"An Ophthalmologist is a medical doctor who may possibly prescribe corrective lenses but has a primary focus of did eases of the eye treated both medically and surgically. An Optometrist does not have a degree from a medical school or residency in ophthalmology but rather a degree in optometry. The focus is on corrective optics and in some states the treatment of a few medical conditions. An Optician prepares corrective lenses and mounts them in frames. Sometimes you find all in one high end practice with prices to match, but you are obviously paying a premium for the setting."
1. The Fashion Store: If money is no object, and you just have to have the latest cutting edge eye-wear, there are places like this in most major cities that have all the latest "must have" eye-wear, at fairly high prices. On the plus side, they sell quality merchandise that is from high-end designers. And they have a staggering selection of sizes, shapes, and frame and temple sizes. You get exactly what you want, but you pay for it, of course.2. The Chain Stores: Like Lenscrafters and Empire Vision, these stores are corporate chains. They would like you to think they are the fashion store above, and charge accordingly, but in reality, their selection is not nearly as good as the fashion stores. And their prices are no real bargains, either.3. The Discount Stores: Wholesale Clubs and Wal-Mart have vision centers that sell glasses remarkably cheaply and also publish their prices up front. Their prices are far less than the chain and fashion stores, and oftentimes they have some of the same merchandise. If you are looking for a basic pair of RayBan sunglasses, all three types of stores will have these, but the discount stores will sell them to you, in prescription form, for as little as $150 or so, less than half the cost of the Chain Stores. Discount stores have a good selection, probably better than some Chain stores, but don't expect the fashions to be cutting edge.
UPDATE JUNE 2014: BJ's has gotten more expensive and they are playing the Optician game of offering $99 glasses that end up costing $250, once you are done. So we will start looking elsewhere. Online is one source, and even Blue Cross offers hints on places to order glasses online. Some online sources advertise bifocals for as little as $50 a pair, and while I am skeptical, it can't hurt to order a pair as a "spare" and if they are nice, use them.
One thing the Optician at BJ's did teach me was how to clean my glasses correctly. Plastic lenses can scratch easily if you wipe them on a shirtsleeve or dry-wipe them with a cloth. Spray the lenses with a lens cleaning solution and use clean fingers to wipe the solution to work loose oils and dirt. Use a lens cleaning cloth or tissue to BLOT the solution away, wiping lightly only if needed. Grinding your lenses dry with a shirtsleeve will scratch them. They did replace one set of scratched lenses, free, under warranty.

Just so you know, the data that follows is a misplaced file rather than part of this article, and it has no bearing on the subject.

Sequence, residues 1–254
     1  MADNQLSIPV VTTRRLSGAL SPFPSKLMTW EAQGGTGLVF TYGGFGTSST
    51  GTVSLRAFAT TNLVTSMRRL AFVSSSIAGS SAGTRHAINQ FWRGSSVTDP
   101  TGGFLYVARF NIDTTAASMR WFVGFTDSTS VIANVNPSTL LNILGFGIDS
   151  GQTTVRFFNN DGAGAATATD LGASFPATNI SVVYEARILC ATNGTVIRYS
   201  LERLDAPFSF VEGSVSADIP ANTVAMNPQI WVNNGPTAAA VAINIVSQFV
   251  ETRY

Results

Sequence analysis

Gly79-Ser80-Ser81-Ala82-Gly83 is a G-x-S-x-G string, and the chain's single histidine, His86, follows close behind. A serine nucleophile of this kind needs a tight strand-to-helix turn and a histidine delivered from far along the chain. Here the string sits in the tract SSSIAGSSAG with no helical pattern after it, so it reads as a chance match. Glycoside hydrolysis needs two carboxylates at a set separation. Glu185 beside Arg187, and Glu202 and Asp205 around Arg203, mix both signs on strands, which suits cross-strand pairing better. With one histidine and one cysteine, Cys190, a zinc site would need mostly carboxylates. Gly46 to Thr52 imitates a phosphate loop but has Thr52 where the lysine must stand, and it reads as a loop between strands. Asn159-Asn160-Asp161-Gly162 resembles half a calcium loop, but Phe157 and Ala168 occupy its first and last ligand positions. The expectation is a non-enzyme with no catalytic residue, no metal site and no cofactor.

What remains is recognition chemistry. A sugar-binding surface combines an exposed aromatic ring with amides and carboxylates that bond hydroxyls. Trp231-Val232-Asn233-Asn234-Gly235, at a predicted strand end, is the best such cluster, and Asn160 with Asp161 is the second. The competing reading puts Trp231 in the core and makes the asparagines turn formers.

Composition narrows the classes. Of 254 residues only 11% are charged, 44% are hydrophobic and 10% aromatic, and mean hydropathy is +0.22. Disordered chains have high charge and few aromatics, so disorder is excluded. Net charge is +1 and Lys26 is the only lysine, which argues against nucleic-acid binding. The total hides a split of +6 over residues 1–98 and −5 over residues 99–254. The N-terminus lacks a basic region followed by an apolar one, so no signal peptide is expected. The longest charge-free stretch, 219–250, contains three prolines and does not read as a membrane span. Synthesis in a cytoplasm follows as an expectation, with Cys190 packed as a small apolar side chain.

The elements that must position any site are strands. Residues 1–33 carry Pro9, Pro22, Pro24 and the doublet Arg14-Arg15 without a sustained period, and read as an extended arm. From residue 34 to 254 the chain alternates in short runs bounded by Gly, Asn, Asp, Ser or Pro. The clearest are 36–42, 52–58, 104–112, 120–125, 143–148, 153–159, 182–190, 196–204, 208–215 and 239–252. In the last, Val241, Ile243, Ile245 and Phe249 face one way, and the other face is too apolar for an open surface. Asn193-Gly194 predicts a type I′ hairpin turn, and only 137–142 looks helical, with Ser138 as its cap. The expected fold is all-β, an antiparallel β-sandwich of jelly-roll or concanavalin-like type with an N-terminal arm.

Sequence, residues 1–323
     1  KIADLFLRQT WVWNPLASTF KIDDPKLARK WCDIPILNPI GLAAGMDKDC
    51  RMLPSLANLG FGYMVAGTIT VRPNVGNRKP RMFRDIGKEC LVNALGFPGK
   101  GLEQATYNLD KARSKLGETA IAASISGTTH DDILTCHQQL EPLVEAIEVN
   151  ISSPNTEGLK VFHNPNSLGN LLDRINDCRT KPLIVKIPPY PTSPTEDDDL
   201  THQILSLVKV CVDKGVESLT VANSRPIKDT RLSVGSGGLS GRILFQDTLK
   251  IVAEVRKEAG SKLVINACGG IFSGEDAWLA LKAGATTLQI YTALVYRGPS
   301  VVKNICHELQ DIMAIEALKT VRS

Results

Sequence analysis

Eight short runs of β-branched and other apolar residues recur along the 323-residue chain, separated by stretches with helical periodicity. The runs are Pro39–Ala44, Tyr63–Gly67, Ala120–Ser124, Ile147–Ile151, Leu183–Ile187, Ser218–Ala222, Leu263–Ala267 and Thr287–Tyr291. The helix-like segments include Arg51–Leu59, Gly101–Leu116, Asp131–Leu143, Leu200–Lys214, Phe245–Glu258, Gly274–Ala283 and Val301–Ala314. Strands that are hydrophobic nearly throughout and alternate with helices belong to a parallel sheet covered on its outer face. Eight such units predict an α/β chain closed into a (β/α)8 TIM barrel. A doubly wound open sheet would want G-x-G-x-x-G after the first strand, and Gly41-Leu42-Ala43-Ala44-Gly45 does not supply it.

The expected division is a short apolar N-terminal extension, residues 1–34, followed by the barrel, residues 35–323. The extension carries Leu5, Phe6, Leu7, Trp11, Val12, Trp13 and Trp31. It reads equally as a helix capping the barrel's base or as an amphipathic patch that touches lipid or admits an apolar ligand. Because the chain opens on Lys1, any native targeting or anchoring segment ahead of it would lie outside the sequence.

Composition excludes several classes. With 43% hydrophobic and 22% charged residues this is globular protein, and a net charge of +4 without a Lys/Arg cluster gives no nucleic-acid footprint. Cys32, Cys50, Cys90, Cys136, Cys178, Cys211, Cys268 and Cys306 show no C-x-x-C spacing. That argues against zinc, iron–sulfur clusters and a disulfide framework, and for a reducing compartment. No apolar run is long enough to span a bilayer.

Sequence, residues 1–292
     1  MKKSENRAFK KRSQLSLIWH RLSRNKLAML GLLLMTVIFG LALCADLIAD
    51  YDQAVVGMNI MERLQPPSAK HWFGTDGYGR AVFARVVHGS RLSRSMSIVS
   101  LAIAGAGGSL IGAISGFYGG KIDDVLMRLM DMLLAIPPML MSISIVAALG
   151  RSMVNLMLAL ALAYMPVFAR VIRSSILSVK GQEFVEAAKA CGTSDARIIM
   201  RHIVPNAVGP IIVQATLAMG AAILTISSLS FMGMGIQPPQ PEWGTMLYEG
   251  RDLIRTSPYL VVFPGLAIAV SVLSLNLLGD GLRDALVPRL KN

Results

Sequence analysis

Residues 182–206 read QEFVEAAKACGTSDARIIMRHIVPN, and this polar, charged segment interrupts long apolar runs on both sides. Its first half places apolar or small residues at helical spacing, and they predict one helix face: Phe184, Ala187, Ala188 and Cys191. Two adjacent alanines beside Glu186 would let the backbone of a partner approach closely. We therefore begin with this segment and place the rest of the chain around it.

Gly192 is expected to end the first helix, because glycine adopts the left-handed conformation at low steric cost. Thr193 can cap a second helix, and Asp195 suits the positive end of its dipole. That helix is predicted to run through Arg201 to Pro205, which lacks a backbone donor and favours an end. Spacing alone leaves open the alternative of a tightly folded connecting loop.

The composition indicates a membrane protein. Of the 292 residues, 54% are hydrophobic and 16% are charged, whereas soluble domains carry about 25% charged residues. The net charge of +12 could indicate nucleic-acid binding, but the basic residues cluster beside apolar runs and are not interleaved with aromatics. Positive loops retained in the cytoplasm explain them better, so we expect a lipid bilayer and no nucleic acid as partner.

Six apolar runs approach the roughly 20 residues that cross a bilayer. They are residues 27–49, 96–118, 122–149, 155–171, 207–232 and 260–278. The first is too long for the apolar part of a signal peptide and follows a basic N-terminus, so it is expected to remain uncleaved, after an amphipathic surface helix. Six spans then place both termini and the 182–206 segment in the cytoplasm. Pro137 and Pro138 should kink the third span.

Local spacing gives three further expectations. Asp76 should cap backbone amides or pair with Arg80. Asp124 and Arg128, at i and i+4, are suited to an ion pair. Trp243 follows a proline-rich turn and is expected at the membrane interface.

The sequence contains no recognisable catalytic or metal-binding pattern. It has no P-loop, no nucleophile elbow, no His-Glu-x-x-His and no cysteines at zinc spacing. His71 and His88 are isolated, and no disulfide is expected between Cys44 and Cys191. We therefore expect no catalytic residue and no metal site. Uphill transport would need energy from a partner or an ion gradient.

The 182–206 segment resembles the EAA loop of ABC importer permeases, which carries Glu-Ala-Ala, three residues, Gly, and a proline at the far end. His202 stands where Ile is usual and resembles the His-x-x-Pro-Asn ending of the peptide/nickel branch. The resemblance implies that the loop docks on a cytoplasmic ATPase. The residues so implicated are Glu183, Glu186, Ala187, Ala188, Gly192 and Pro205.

Thanks to Dr. Duncan for the technical correction above, and these comments:
"As you know standard corrective lenses and frames are high profit margin items, or in old terms - rip offs. It used to anger me when older people came to my office sporting new glasses that they had paid $400-$500 for. With a little Internet sleuthing I discovered a source for rimless glasses with progressive lenses costing about $70 each if bought in sets of three. These would easily be a total of $1,500 or more here in most any setting. They are light weight, unobtrusive, and serve perfectly the purpose intended. myeyeglasses.net They get panned in reviews but I think from my experience with them that the reviews are not from real customers but rather angry competitors.
Another peeve is hearing aids. Imagine a a frequency sensitivity programmable aid costing $7,000 a pair when iPhones come free with 2 year service contracts. The electronics are not particularly complex, and are just potted in plastic molded to conform to your ear. Good grief you can get a 47" LED TV at BJ's for under $700. Hearing aids are a market that is ripe for some entrepreneur to tap with a quality product at an aggressively low price. In truth the programmable frequency sensitivity is of marginal value."
Well, I don't need hearing aids just yet, but soon, and yes, they are a racket. Why? "Medicare Pays" I believe, so they don't need to control costs.
Again, the price of an item is not based on the cost of production, but based on what the market will bear. People perceive eyeglasses and hearing aids as expensive, so they pay a lot for them!